According to the Centers for Disease Control, “Health equity is achieved when every person has the opportunity to attain his or her full health potential and no one is disadvantaged from achieving this potential because of social position or other socially determined circumstances. Health inequities are reflected in differences in length of life; quality of life; rates of disease, disability, and death; severity of disease; and access to treatment.”
There are a myriad of studies drawing attention to disparities that exist within the healthcare system. While the problem is well known within the healthcare system, disparities are pervasive – and in many cases worsening. The COVID-19 pandemic has only exacerbated this problem, while the social justice movement has shown a brighter spotlight on inequities that exist in access, treatment and care within the current system.
Introducing the sixth installment in Porter Novelli’s Focus research series: Porter Novelli Focus: Health Equity.
In this research, we explore American perceptions and understanding of inequities in our healthcare system – and which organizations are responsible to solve for these inequities. Our data reveals a majority of Americans believe the responsibility primarily falls with health insurance companies and government units – but entities across the industry must play a role. The research also outlines specific actions Americans would like organizations to take to improve equity and access to healthcare.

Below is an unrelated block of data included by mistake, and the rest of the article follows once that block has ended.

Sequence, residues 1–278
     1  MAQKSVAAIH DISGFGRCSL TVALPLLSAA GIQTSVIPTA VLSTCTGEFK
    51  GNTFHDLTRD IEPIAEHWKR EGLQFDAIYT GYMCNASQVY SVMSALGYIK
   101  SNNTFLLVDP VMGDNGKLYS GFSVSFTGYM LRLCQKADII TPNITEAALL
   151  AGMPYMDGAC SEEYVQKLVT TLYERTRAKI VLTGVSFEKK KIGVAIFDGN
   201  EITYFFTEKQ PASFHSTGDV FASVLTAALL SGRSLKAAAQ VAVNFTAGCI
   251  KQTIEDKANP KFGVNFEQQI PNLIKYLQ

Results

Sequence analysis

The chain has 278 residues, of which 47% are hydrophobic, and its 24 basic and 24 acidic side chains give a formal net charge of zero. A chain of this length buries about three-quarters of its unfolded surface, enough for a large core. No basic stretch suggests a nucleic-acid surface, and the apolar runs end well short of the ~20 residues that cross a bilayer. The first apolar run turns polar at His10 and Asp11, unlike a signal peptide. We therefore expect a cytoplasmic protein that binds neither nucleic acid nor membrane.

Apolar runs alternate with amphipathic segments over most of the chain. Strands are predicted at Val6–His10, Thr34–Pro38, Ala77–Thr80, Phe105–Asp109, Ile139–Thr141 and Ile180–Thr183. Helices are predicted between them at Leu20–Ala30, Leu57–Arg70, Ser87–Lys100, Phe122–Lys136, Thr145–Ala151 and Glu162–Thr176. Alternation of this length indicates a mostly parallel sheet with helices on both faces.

Key Findings Include:
- Americans cite health insurance companies (50%) followed by federal government (48%) as the top two entities responsible for addressing inequities in the healthcare system
- Americans believe income level (69%), where a person lives (64%) and physical or mental disabilities (60%) are the top determinants that impact the type of healthcare an individual receives
- Americans believe low-income populations are the most negatively affected by health inequalities
- 38% of Americans believe that helping to educate healthcare professionals (e.g., doctors, nurses, pharmacists) on how to better support individual needs and working with government to identify solutions to address health inequities are the top ways organizations can improve health equity and access to healthcare